A Second Day
Justine Wise Polier, 1903 - 1987
"Asked how she could possibly have endured 36 years of witnessing day by day the tragedies of children, she answers, 'I tell myself each time that I am trying to do the best that can be done for this one child in front of me now. And then, starting after court, I try to do what I can for the others like him.'"
During what she called her "second day," Polier worked to broaden services to troubled children and their families with organizations like the Citizen's Committee for Children, the Field Foundation, Louise Wise Services, and the Wiltwyck School. "We hadn't gotten into the state that anybody who was a professional person had to be paid for lifting a pencil ...So, one lived two lives—one worked during the day at one's job, and then pitched into the things that seemed most important at night."
The "second day" also meant time for family. It was while pitching in at a night meeting that Justine met Shad Polier, a constitutional lawyer. He became her second husband in 1936 and father of her two younger children, Trudy and Jonathon. Justine and Shad also weathered the pain of losing a newborn son in 1944. "Considered one of New York City's most devoted couples," reported one newspaper, "after work they both rush home for an early dinner." The couple were "always working together on all sorts of issues, in addition to our life with our children."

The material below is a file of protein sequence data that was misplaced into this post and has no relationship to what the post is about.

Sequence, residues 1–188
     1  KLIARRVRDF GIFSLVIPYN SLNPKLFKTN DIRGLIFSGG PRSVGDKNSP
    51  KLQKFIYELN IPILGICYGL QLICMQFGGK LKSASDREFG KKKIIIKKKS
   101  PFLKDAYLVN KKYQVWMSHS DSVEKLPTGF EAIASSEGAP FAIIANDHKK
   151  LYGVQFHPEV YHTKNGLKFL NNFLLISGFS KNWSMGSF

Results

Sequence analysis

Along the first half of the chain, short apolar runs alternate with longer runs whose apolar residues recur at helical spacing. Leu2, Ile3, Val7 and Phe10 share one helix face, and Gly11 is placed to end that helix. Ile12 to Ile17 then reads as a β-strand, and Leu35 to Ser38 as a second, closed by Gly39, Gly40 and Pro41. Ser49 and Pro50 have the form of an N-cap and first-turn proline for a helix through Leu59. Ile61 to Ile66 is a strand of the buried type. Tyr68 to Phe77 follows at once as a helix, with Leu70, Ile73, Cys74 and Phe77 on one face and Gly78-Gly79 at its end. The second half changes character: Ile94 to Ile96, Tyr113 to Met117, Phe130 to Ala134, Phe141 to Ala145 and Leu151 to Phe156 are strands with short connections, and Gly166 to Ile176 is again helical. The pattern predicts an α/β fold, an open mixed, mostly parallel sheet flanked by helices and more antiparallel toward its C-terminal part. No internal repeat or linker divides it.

- "Asked how she could possibly have..." quote from Mills 58.
- "We hadn't gotten into that state..." quote from Justine Wise Polier, "Woman Lawyer in the Depression: An Oral History," interview with Ann Fagan Ginger, The National Lawyers Guild Practitioner 39.4 (1982), Polier papers, box 1, folder 3, 126.
- "Considered one of New York's most..." quote from Betty Walker, "Why She Strives for Justice," Chicago Sun Times 11 Dec. 1950.
- "always working together on all sorts of issues..." quote from Polier, Oral History, Columbia University, 3.